Fall-Related Injuries and What To Do When They Happen
Andrew O'Neill - Chartered Physiotherapist
I spent a year in Limerick in an orthopedic hospital. We use to call December and January silly season due to the unbelievable spike in fractures, sprains, and all round fall-related injuries. What caused the spike? Well, the weather was partly to blame, mainly due to frosty or icy footpaths and generally people simply slipping. Of course, christmas shenanigans on Christmas nights of were also, unfortunately, a major part of the increase of people that came through the hospital doors. Similar scenes will have occurred last week and this week due to the heavy snow!
I felt it might be a good time to discuss what to do if you feel you have fallen, landed awkwardly or twisted an ankle for example! This article will also serve as a guideline to those who injure a joint playing sport also. The types of injuries I am discussing are what we call acute injuries and will focus on joint injuries. An acute sports injury is one in which there is a specific mechanism of injury (hit by the ball, plant, and twist, collision with an opponent) and an immediate onset of symptoms including swelling, pain, bleeding and possible deformity. The same can be said for fall-related injuries.
A number injuries can be considered acute including:
• Sprains (injury to ligaments)
• Strains (injury to muscles)
• Contusions (bruises)
• Subluxation (partial dislocation that reduces itself)
If you or somebody you know were to suffer an injury like these it is important to know when to get to the A&E department or when you can do something about it yourself with what we like to call the P.R.I.C.E principle. This stands for:
Firstly, if you see any deformity in the joint you or another person has injured - go to an A&E department. If you cannot put any weight on the ground - go to an A&E department. If you have extreme swelling and pain - go to an A&E department. If it’s a thing that you didn’t initially go to an A&E department and the pain has not reduced somewhat and has persisted 24-48 hrs later - go to an A&E department.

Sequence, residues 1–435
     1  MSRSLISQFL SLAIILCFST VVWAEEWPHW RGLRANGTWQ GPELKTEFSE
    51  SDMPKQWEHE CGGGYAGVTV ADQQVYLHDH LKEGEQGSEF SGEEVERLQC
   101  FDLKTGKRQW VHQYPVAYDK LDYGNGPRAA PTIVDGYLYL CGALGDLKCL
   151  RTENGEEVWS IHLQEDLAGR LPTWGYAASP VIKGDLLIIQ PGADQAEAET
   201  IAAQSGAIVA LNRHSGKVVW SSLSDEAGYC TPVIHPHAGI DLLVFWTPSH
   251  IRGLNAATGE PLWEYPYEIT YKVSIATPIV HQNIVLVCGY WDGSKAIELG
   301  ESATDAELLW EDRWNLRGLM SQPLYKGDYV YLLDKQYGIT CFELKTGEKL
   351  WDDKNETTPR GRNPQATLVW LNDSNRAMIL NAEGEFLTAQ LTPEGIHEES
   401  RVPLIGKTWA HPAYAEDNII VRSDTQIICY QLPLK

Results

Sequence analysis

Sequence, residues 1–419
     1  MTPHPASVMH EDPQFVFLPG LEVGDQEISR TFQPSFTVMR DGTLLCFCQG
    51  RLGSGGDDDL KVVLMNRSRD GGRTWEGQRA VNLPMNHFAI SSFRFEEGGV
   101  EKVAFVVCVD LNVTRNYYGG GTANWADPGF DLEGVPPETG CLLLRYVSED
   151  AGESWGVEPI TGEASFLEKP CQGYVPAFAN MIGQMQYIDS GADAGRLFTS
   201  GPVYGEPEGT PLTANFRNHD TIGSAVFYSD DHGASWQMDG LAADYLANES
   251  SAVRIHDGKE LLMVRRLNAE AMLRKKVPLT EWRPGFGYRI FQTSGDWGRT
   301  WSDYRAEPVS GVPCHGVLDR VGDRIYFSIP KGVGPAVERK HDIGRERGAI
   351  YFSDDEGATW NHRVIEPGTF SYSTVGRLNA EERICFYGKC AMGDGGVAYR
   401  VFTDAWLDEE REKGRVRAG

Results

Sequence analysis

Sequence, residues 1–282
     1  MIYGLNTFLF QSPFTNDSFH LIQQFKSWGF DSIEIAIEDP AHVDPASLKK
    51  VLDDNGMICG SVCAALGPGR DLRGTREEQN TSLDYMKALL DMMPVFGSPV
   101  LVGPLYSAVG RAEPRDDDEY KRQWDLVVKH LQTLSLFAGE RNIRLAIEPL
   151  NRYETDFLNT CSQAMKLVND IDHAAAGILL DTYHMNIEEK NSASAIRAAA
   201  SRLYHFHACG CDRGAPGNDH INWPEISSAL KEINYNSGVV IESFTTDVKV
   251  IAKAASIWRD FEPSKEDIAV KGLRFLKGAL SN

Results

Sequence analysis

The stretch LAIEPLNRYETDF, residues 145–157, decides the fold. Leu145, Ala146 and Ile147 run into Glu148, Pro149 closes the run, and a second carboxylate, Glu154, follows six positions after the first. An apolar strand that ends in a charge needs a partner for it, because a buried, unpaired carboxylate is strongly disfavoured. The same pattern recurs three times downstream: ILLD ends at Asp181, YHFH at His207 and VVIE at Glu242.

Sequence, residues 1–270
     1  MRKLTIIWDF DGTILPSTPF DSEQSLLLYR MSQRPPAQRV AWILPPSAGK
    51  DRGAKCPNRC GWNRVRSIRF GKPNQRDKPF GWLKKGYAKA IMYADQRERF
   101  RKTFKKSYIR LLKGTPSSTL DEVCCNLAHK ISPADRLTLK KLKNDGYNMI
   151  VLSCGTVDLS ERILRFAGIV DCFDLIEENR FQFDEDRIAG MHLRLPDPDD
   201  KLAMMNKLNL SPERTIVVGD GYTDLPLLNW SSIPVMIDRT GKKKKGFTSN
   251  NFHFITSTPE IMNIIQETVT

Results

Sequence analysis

I have had plenty of joint injuries playing a sport such as an ankle and wrist sprains. Not all of these have required me to get an x-ray. So try and be smart about it. Am I in a situation similar to above in the last paragraph or do I feel using something like the P.R.I.C.E principle may help me reduce the pain symptoms. It’s quite simple to use. PROTECTION - clean the injury and protect it, if it there are any cuts or bruises. REST - time can be a great healer, don’t keep moving around with the joint sore, give yourself a rest. ICE - the only way to reduce swelling and in turn reduce pain apply 5-10 min at a time. COMPRESSION - Also very important to reduce swelling and will give the joint a sense of protection. ELEVATION - this will allow the swelling to dissipate into the bloodstream further reducing pain.
Once pain and swelling have reduced, you will probably find the joint will be stiff. This is the when you need to get it assessed by a physiotherapist. Too often we see people come into clinic months after the initial injury in chronic pain, something that could have been avoided if the were to get the correct type of hands-on treatment and exercise therapy.